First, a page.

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The Daily Wildcat

The Daily Wildcat

 

Border liars beware

The UA is leading research in helping border agents detect liars.

The AVATAR kiosk, the Automated Virtual Agent for Truth Assessments in Real-time, isn’t meant to eliminate humans but rather aid them in detecting lies.

“”The basic problem is people lie and other people are really bad at detecting as to when they are being lied to,”” said Doug Derrick, lead researcher of the AVATAR project and a UA doctoral candidate. “”It’s a machine, so it doesn’t have a bias, it doesn’t have a bad day.””

The system has a sensor, which reads pupil dilation, eye gaze and focus, and the vocalic center, which measures changes in pitch and voice inflection. It also has a video camera and fingerprint reader.

After an interviewee pushes a button, the kiosk asks questions about what a person is carrying with them. If it detects a lie, it asks a series of follow-up questions.

Derrick’s latest study revealed that while humans accurately detect lies about 54 percent of the time, the AVATAR sensor system was accurate 84 percent of the time. When matched with voice inflection, the accuracy rate shot to 93 percent in test subjects ranging from UA students to border guards in the European Union, Derrick said.

“”It’s been to Hawaii, St. Louis, El Paso, Washington D.C., Poland,”” Derrick said.

Derrick and his team have been developing the kiosk’s software for three years. But it is based on 42 years of research by Jay Nunamaker, Regents and Soldwedel professor of management information systems, computer science and communications, and Judee Burgoon, director of human communication at the Center for the Management of Information and communication professor.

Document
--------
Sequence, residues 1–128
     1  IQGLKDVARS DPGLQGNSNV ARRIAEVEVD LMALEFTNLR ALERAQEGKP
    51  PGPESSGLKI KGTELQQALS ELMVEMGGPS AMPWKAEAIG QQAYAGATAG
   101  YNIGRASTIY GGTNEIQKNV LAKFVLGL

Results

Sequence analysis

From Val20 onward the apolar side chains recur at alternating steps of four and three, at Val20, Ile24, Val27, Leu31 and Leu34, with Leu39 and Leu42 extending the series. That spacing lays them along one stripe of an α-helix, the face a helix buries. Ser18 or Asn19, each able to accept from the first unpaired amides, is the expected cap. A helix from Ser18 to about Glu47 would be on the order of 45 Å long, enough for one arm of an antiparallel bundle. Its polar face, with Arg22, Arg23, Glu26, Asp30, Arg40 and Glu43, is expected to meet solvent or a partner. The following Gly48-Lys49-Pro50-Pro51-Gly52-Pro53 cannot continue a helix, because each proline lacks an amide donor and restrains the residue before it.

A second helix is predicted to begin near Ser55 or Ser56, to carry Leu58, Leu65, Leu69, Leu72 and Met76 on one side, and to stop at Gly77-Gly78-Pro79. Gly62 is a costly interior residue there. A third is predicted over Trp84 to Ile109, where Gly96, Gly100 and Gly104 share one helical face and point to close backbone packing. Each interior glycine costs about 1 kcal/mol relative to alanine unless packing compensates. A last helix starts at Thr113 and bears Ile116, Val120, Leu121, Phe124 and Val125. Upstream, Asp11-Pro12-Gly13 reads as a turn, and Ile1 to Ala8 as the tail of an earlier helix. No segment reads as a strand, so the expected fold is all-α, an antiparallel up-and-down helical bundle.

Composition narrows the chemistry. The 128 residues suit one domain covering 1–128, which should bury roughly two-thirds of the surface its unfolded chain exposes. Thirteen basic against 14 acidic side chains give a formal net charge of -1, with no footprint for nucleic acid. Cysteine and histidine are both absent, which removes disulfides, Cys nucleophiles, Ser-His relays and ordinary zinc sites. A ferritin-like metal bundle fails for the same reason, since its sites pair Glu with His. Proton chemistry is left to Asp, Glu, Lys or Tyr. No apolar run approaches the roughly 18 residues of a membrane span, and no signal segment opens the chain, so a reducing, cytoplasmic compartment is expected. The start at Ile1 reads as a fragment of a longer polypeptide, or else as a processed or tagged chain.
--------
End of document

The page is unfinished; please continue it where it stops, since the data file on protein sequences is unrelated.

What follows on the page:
The kiosk tries to highlight a dozen or so of the most common psychophysiological and behavioral cues that humans utilize when deceiving others. That subgroup of behavioral cues can aid law enforcement or border agents at ground or air ports of entry.

Humans can mentally control only a few of those cues.

“”It’s inevitable that tell-tale cues will leak out no matter how hard people try to control them when being interrogated,”” Nunamaker said in an Eller College of Management news release.

The kiosk is the result of a six-year grant the UA received from the Department of Homeland Security and is the flagship project of the UA, which heads the National Center for Border Security and Immigration, or Borders. Each university within the group develops its own projects to deal with a section of policy or technology that affects the border region.

“”The group is apolitical,”” said Riley McIsaac, Borders program manager, whose background lies in border and immigration policy. “”We’re here to do the research to supply the policymakers with the information they need.””

UA researchers hope to get both the sensor system and the vocal registry technology working in real time. They also are working to develop a broader set of languages for AVATAR to speak in and develop more cultural considerations as to how people in various countries physiologically respond when lying.

This could make this type of technology applicable in loan applications or job interviews, Derrick said.

Applicable trials could start in 12 to 18 months. A fully functioning prototype could be ready in three to five years, he said.

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